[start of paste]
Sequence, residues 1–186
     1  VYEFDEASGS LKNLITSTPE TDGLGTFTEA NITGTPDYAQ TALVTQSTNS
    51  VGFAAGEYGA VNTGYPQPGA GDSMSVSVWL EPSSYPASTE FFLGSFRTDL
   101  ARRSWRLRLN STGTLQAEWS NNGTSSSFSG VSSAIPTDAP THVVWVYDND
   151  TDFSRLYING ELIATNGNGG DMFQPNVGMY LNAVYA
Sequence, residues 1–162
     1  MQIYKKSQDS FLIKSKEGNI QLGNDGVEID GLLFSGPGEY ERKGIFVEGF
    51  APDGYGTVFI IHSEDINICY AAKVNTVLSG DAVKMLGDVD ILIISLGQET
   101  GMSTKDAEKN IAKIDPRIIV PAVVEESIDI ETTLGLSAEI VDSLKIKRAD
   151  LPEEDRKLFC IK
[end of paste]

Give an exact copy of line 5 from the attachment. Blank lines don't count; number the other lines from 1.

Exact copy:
   151  TDFSRLYING ELIATNGNGG DMFQPNVGMY LNAVYA